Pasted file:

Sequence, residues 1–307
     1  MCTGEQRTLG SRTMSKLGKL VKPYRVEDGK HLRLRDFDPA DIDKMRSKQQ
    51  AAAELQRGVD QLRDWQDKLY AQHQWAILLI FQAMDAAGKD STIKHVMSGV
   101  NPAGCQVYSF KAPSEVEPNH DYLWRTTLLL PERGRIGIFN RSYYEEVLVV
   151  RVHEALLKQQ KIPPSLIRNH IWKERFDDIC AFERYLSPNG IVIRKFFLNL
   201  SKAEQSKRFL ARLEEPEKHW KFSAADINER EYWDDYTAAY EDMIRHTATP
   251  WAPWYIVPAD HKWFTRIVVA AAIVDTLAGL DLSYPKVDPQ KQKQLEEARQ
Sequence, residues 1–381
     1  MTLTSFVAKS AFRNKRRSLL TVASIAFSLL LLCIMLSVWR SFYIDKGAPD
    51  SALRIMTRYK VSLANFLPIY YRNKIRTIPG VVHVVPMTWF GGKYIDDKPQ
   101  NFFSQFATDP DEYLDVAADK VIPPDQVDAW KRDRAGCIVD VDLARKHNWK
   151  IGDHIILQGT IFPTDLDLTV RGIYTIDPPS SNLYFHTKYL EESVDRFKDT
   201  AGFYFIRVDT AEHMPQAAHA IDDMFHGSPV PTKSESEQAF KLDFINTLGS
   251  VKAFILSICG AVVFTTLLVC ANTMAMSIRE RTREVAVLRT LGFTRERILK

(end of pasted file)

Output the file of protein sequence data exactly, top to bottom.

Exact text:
Sequence, residues 1–307
     1  MCTGEQRTLG SRTMSKLGKL VKPYRVEDGK HLRLRDFDPA DIDKMRSKQQ
    51  AAAELQRGVD QLRDWQDKLY AQHQWAILLI FQAMDAAGKD STIKHVMSGV
   101  NPAGCQVYSF KAPSEVEPNH DYLWRTTLLL PERGRIGIFN RSYYEEVLVV
   151  RVHEALLKQQ KIPPSLIRNH IWKERFDDIC AFERYLSPNG IVIRKFFLNL
   201  SKAEQSKRFL ARLEEPEKHW KFSAADINER EYWDDYTAAY EDMIRHTATP
   251  WAPWYIVPAD HKWFTRIVVA AAIVDTLAGL DLSYPKVDPQ KQKQLEEARQ
Sequence, residues 1–381
     1  MTLTSFVAKS AFRNKRRSLL TVASIAFSLL LLCIMLSVWR SFYIDKGAPD
    51  SALRIMTRYK VSLANFLPIY YRNKIRTIPG VVHVVPMTWF GGKYIDDKPQ
   101  NFFSQFATDP DEYLDVAADK VIPPDQVDAW KRDRAGCIVD VDLARKHNWK
   151  IGDHIILQGT IFPTDLDLTV RGIYTIDPPS SNLYFHTKYL EESVDRFKDT
   201  AGFYFIRVDT AEHMPQAAHA IDDMFHGSPV PTKSESEQAF KLDFINTLGS
   251  VKAFILSICG AVVFTTLLVC ANTMAMSIRE RTREVAVLRT LGFTRERILK